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Fooled Again: Pete Townshend Says 'I Think I Was Being Sarcastic' About Comments Hinting at Who Farewell Tour

The clarification/correction came during an appearance on the 'Sound Up!' podcast, hosted by Mark Goodman and Alan Light.

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Pete Townshend has thrown cold water on an earlier comment about one last Who farewell tour.

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It seems like only yesterday (even though it was actually March 25) when news broke that Pete Townshend was talking up the possibility that the Who might yet still have one more tour in them...a farewell tour, if you will.

“It feels to me like there’s a final tour where we play every territory in the world and then crawl off to die," the guitarist and singer-songwriter told The New York Times, at which point Who fans promptly divided up into factions: the ones who are never going to turn down a chance to see the band live, the ones who believe the Who died with John Entwistle, the ones who haven't trusted Townshend since he assured the world at large in 1982 that the band had played their last show, and -- as ever -- the ones who believe that the Who ended at the precise moment of Keith Moon's demise and dismiss anything and everything done under the band's name ever since.

This being the case, it's really only that first group who'll be upset by this news, but...it turns out that whatever Townshend claimed to be feeling when it was talking to the NY Times, he apparently doesn't feel that way now...and possibly never did.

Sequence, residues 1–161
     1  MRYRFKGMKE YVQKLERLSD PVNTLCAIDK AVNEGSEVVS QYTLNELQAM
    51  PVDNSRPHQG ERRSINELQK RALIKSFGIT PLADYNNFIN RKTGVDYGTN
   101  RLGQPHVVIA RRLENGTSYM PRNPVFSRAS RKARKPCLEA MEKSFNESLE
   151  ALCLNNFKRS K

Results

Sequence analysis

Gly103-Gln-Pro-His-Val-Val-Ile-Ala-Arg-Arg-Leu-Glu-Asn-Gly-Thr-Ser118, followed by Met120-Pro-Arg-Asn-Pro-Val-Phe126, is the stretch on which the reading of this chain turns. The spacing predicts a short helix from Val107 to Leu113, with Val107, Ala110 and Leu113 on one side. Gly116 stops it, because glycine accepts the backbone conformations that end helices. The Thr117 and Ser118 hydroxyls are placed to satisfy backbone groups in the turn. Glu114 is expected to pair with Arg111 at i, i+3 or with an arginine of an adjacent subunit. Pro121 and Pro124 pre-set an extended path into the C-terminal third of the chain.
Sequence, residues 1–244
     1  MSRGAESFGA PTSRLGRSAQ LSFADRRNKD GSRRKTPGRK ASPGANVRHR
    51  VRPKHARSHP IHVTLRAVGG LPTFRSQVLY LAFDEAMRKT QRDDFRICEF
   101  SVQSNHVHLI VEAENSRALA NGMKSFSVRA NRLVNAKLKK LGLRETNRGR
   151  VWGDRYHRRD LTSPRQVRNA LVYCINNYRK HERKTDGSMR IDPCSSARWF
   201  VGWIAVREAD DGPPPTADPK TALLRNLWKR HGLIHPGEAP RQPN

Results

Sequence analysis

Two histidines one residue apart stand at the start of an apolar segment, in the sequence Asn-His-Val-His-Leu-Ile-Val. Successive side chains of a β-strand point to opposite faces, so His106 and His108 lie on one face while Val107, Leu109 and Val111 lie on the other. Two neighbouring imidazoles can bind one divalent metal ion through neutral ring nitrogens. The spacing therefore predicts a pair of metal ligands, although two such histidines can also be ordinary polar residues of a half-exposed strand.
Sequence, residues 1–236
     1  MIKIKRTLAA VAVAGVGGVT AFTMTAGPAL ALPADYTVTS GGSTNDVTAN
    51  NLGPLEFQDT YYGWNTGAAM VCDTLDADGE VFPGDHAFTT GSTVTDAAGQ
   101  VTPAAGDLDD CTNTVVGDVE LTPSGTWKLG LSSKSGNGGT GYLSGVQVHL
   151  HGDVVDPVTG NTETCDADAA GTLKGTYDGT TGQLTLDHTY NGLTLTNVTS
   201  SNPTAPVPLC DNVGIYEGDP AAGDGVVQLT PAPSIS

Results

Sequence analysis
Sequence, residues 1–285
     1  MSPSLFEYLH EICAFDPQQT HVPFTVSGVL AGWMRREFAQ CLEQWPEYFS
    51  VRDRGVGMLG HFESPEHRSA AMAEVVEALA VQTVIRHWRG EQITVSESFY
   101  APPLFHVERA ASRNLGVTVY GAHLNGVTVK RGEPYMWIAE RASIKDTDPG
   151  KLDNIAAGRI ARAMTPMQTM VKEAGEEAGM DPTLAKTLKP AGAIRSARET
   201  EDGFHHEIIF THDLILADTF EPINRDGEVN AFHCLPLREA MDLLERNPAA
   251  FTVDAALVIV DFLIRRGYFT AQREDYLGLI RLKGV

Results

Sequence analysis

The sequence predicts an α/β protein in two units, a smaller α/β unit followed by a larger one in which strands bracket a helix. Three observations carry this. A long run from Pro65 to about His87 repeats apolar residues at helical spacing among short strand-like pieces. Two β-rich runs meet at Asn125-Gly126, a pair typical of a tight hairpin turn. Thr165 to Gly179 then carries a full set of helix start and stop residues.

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'I'm not doing a farewell tour,' Townshend clarified on a recent podcast appearance.

In an interview with Mark Goodman and Alan Light for the Sound Up! podcast, Townshend was asked about his final-tour remarks, and he declared outright, "I'm not doing a farewell tour," after which he added, "I think I was being sarcastic about it."

During the course of the conversation, Townshend said, "When I was 34, I wrote the song ‘Slit Skirts,’ and I think the line is, ‘I’m 34 years old and I’m still wandering in a haze.' I felt old at 34.”

This, inevitably, led to him being asked about the lyrical albatross that is the "My Generation" lyric, "Hope I die before I get old."

“That’s a twist, in a sense," explained Townshend. "'Slit Skirts’ was an honest confession of how I didn’t like what I’d become. When I wrote [‘My Generation’], I was celebrating the fact that I was young — I was 18 and surrounded by old people. Now, everybody seems younger. But in those days, everybody seemed older and they all seemed to be messed up, either miserable or poor or working too hard or complaining about something. The song was about, ‘I’m never gonna be like you if I’m old,’ and I don’t think I am like them. I’m happy and I’m struggling still, and I think I’m operating for the greater good — touch wood!”

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By coincidence (or perhaps not), the album featuring the aforementioned "Slit Skirts," 1982's All The Best Cowboys Have Chinese Eyes, is on the cusp of being reissued, along with Townshend's follow-up solo LP, 1985's White City (A Novel).

The limited-edition black vinyl versions have been mastered by long-time Who engineer Jon Astley. They were cut for vinyl by Miles Showell at Abbey Road Studios with a half-speed mastering technique that produces a superior vinyl cut, and they've been packaged in original sleeves with obi strips and certificates of authenticity.

The albums are set for release on May 17.

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